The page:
Sunday, December 28, 2008

Bar Barakah - Cermonial Blessing

My aunt and uncle just loaned me an awesome book on Christian ceremonial blessings, called Bar Barakah, by Craig Hill. With the journey I am on it has really resonated with my spirit because I have longed for something to confirm me as a man. How does any boy or girl in our society know when they have passed that stage of childhood and are on the road to being an adult?
Craig Hill talks in his book about the need for a ceremonial blessing in a person's life, man or woman. He mentions people in their are many people in their 30's, 40's and even 50's that are still under their parents and not feeling like they truly are an adult. He says that at one conference he was at an older man piped up saying that that feeling doesn't go away in your eighties either.
Many societies have some sort of ritual, like the Jewish Bar Mitzvah. In "Healing the Masculine Soul" by Gordon Dalbey he talks about a polygamist African tribe that at the age of maturity calls the boy out of his mothers house and takes him away to learn about the history of his people, learn trades of being a man and fasting with prayer. When the boy comes back to the village he is no longer in his mothers house, his father builds him his own hut and gives him a plot of land to farm. And it isn't until he is well established in these things that he is allowed to see his mother again, at which point he is reintroduced to her as a man, lest she steals away his manhood with her mothering.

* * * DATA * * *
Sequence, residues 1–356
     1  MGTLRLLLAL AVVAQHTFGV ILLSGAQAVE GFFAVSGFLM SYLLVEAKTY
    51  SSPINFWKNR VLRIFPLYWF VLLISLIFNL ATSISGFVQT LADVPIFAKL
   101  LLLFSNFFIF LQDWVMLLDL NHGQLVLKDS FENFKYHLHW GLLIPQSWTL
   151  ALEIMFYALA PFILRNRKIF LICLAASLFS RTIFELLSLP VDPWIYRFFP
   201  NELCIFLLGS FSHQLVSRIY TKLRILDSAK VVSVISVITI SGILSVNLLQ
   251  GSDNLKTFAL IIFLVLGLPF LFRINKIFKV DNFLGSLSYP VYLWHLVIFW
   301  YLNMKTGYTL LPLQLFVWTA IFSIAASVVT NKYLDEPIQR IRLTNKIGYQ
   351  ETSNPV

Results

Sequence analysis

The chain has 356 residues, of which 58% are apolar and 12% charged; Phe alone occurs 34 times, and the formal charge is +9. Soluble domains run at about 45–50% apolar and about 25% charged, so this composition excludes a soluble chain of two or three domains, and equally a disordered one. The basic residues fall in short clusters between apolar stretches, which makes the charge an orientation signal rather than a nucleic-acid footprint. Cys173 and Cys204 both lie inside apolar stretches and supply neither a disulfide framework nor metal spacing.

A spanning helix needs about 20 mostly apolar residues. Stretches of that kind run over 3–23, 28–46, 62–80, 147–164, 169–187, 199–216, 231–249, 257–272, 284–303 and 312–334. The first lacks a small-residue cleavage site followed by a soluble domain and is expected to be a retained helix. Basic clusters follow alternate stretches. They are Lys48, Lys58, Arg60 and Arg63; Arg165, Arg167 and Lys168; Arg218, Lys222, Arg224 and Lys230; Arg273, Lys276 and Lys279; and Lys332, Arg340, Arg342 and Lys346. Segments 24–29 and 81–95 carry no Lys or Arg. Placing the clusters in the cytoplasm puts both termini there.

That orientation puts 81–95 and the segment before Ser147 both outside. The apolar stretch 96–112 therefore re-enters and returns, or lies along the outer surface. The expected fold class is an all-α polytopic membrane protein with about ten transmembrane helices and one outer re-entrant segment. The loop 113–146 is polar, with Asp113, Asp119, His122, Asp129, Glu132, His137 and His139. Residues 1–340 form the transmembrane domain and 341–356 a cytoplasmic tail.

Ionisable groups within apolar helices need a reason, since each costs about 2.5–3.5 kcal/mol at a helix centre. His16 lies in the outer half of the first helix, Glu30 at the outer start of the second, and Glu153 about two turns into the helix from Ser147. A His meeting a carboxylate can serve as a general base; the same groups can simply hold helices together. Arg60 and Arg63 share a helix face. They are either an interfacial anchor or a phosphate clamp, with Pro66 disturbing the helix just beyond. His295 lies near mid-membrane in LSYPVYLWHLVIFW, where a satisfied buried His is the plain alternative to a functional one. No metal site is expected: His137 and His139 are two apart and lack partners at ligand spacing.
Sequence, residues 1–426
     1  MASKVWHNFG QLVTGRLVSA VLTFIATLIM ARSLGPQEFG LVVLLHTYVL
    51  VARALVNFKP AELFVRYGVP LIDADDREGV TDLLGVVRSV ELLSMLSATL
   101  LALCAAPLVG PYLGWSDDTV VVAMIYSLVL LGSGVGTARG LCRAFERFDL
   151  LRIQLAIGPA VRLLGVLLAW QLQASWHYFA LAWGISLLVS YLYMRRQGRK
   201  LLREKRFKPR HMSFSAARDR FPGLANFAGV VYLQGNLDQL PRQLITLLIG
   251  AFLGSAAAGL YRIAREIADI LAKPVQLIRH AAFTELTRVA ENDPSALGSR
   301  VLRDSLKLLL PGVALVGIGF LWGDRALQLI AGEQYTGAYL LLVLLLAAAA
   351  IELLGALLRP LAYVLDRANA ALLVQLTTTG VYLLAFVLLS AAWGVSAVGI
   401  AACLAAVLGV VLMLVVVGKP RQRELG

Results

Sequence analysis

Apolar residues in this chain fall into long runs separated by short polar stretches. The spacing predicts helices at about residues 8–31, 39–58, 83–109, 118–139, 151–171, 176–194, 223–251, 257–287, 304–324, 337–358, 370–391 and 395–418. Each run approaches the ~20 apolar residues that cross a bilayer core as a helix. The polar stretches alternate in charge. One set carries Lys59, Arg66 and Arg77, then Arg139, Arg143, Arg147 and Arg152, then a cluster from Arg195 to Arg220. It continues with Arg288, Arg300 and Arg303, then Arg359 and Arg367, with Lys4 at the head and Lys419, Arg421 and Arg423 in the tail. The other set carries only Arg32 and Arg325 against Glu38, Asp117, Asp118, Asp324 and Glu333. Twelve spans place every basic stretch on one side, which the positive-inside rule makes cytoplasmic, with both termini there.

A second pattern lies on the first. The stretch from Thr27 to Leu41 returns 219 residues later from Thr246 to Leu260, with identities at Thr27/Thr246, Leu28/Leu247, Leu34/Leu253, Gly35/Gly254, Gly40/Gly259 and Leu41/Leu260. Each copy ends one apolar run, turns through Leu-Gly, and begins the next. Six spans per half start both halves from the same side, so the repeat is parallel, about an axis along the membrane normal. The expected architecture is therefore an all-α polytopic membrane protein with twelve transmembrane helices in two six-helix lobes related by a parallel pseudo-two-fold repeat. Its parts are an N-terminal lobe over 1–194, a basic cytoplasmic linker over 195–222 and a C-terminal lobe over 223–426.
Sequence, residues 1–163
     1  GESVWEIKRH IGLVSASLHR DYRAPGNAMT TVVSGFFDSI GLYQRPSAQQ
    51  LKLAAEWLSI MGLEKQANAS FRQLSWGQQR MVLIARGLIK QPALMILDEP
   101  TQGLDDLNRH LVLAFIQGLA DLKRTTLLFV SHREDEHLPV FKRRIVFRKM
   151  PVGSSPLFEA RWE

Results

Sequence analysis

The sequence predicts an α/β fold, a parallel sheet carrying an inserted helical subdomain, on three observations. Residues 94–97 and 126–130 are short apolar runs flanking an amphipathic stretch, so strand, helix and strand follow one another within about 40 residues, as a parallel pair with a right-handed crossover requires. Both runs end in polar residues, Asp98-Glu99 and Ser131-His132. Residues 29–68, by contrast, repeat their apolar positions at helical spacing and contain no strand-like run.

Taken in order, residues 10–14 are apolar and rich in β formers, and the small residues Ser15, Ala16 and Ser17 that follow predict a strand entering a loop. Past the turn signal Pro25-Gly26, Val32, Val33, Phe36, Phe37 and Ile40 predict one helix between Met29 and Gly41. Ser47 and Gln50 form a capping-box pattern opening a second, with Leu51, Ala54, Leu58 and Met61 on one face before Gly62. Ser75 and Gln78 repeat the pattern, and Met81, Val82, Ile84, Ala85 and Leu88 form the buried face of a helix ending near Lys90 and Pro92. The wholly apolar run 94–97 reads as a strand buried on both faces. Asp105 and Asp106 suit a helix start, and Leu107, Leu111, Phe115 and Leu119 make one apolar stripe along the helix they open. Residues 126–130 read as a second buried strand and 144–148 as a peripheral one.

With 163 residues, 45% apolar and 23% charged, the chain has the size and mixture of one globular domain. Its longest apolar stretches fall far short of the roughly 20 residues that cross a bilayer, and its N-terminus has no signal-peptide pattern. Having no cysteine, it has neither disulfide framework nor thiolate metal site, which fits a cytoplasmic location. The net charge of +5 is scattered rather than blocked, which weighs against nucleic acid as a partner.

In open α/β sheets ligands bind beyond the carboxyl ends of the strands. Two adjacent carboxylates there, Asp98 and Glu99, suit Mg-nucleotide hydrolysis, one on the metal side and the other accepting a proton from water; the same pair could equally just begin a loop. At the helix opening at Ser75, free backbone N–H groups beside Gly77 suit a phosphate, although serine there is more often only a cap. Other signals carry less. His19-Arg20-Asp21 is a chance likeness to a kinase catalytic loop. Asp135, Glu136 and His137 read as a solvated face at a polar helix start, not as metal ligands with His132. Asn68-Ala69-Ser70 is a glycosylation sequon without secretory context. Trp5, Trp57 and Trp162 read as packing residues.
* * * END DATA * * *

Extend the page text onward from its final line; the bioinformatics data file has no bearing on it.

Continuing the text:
What does our society provide to initiate us into manhood? Well, a couple that Dalbey mentions are the ability to drive, buy cigarettes, go to the bar and buy pornographic material. He also mentions join the army and one I thought about was to ability to go to the casino and gamble. So what do these really communicate to those coming of age? Well a generality would be that adulthood means having the ability to do destructive things (other than driving but that would depend on how you drive).
For me it was driving, I longed for that day for years. In fact I started taking my Dad's truck out and driving on back streets and ally's when I was 13 and 14. I just couldn't wait. But like many other things in my life that I had expected to confirm my manhood, this too was empty and left me disappointed.
The Christian blessing ceremony called the Bar Barakah would be a major milestone in the life of the one who is blessed enough to have one. Craig Hill in the book compares it to a marriage ceremony, and ascribes as much importance. He asked those who are married, how do you know you are married? Most people were able to look back on their wedding day as how they knew. He asked if there was ever any doubt that you were ever "really" married and again there was no doubt because of the ceremony. That is the importance of ceremony. Imagine if you were able to look back on your life and remember your Bar Barakah, and know that this was the day you became a man. On this day your father imparted his blessing to you and declared before all your families friends and relatives "This is my son, in whom I am well pleased. Today my son, you are a man, before us and before God". After that day a child's life would be totally different, he would be granted new freedoms and be treated with a new respect.
I fully intend to do this with my son and study this more over the next while, as my son will be coming of age in the next 4 or 5 years. It excites me to think of how great it will be, and how he will have what I never had. He will never have to wonder when and if he really is a man.

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